The Constitution’s Guardrails
A lawsuit filed in US District Court last week accuses 109 Massachusetts lawmakers of violating the US Constitution. The plaintiffs are leaders of VoteOnMarriage.org, a grass-roots campaign to amend the Massachusetts constitution by defining marriage “only as the union of one man and one woman.”
It was a year ago this week that the proposed amendment, having attracted a record-setting 170,000 signatures, was formally transmitted to the Legislature by the Massachusetts secretary of state. What was supposed to happen next is spelled out in the state constitution. Article 48 directs the House and Senate to meet jointly and vote on amendments proposed by citizen initiative; those that get at least 50 votes in two consecutive sessions are then put on the state ballot.
But for a year now, the overwhelmingly Democratic Legislature has declined to obey the law. On May 10, it voted to delay consideration of the marriage amendment until July 12. On July 12, it recessed until Nov. 9. On Nov. 9, by a vote of 109-87, it recessed yet again, to Jan. 2, 2007. Which just happens to be the day the current legislative session expires — and all unfinished business dies with it. If that happens, it will mark the second time in five years that the Legislature has killed a marriage amendment by flouting the Constitution and brazenly refusing to vote. –excerpted from an article by Jeff Jacoby at www.townhall.com 12.18.06
‘Unprotected’ – Sexual freedom is damaging to students. But health officials must not judge.
“My patients were hurting, they looked to me and what could I do?” So confesses an anonymous campus physician in the beginning of her startling memoir. Over the course of 200 pages, she tells story after story about suffering young women. If these women were ailing from eating disorders, or substance abuse, or almost any other medical or psychological problem, their university health departments would spring to their aid. “Cardiologists hound patients about fatty diets and insufficient exercise. Pediatricians encourage healthy snacks, helmets and discussion of drugs and alcohol. Everyone condemns smoking and tanning beds.”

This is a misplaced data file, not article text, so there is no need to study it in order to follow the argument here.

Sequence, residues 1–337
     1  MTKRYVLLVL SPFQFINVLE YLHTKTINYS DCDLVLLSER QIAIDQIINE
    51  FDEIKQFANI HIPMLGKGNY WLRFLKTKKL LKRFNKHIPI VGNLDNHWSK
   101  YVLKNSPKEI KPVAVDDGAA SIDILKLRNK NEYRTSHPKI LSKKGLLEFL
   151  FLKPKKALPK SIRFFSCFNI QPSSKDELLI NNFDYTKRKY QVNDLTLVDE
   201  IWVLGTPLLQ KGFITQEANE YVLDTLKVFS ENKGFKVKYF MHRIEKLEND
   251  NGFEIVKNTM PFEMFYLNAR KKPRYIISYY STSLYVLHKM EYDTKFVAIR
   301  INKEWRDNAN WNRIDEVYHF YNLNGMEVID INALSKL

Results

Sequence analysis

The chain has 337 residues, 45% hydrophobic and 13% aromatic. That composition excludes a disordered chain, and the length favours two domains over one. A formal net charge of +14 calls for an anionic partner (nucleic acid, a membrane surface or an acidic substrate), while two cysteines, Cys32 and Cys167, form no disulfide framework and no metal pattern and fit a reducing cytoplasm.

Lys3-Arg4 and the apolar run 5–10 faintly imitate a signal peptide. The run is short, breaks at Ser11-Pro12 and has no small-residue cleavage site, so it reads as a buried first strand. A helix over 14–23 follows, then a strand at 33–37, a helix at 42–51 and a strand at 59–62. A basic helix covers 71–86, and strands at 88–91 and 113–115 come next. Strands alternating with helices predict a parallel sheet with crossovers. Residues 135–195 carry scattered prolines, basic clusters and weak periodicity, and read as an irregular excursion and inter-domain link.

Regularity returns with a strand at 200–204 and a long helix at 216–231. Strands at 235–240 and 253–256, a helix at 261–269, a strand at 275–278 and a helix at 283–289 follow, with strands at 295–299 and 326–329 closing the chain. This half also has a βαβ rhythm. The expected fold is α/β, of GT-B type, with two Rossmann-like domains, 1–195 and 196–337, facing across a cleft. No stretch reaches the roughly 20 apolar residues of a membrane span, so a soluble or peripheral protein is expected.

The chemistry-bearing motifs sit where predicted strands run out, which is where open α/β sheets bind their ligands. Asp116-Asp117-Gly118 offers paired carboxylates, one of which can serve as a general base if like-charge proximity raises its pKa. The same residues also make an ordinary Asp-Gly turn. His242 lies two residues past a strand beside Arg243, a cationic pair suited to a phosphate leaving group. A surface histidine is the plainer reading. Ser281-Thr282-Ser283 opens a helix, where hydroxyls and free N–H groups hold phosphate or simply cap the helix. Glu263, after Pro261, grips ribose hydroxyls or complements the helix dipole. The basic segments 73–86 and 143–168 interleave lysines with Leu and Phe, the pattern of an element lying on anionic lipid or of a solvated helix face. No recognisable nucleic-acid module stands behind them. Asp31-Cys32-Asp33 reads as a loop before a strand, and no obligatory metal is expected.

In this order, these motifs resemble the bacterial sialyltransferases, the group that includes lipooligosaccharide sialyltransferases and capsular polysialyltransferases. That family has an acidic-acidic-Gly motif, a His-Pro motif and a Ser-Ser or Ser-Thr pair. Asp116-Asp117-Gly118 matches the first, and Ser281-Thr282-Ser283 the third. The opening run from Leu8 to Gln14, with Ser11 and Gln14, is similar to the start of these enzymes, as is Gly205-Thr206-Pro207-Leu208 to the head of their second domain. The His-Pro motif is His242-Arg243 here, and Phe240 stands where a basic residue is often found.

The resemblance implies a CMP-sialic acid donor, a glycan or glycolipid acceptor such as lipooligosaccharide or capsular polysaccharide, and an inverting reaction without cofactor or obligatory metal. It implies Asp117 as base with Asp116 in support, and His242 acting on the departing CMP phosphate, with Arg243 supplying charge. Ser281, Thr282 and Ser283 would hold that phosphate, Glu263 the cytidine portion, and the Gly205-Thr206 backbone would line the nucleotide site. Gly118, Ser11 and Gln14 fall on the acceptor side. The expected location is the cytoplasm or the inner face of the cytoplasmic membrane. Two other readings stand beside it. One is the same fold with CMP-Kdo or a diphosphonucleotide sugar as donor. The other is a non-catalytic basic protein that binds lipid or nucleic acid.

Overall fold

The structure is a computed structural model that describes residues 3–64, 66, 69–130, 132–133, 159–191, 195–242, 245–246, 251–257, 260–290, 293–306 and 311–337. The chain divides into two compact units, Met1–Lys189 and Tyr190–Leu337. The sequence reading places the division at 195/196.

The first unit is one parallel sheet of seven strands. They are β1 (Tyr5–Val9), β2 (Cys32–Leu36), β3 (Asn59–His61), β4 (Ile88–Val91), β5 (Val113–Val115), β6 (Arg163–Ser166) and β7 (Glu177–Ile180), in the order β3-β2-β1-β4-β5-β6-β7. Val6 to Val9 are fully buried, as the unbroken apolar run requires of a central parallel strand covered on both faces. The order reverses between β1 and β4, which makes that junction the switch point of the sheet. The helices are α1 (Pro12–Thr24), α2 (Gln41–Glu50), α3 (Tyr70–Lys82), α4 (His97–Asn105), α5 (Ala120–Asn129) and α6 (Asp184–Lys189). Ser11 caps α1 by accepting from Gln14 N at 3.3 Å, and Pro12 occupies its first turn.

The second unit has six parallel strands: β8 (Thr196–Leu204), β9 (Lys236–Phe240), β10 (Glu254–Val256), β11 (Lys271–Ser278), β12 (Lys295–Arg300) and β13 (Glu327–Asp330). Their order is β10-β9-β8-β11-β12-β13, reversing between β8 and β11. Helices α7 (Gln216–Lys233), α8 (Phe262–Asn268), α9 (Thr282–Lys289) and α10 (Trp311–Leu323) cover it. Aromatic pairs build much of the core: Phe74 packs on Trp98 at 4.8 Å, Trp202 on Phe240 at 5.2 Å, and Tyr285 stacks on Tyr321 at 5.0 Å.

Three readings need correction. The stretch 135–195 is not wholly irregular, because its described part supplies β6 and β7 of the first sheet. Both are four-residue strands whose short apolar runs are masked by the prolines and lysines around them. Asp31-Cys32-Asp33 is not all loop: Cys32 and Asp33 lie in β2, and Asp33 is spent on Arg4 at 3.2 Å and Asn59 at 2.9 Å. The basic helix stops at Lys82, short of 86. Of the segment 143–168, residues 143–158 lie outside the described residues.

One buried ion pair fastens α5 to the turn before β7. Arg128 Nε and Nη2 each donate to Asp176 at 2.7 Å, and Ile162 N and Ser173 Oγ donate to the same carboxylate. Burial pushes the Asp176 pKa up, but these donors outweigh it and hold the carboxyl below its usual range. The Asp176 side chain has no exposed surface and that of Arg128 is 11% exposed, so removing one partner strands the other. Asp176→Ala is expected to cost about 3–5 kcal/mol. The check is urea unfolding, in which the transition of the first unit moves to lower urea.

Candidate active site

Unfortunately, the young women described in “Unprotected” have fallen victim to one of the few personal troubles that our caring professions refuse to treat or even acknowledge: They have been made miserable by their “sexual choices.” And on that subject, few modern doctors dare express a word of judgment.
Thus the danger of sexually transmitted diseases is too often overlooked in the lifestyle choices of the young women at the unnamed college where the author works. But the dangers go far beyond the biological. A girl named Heather, for instance, has succumbed to an intense bout of depression. The doctor presses her to think of possible causes. She can’t think of anything. Then she says: “Well, I can think of one thing: since Thanksgiving, I’ve had a ‘friend with benefits.’ And actually I’m kind of confused about that.”
Heather continues: “I want to spend more time with him, and do stuff like go shopping or see a movie. That would make it a friendship for me. But he says no, because if we do those things, then in his opinion we’d have a relationship–and that’s more than he wants. And I’m confused, because it seems like I don’t get the ‘friend’ part, but he still gets the ‘benefits.'” It finally dawns on her: “I’m really unhappy about that. It’s hard to be with him and then go home and be alone.”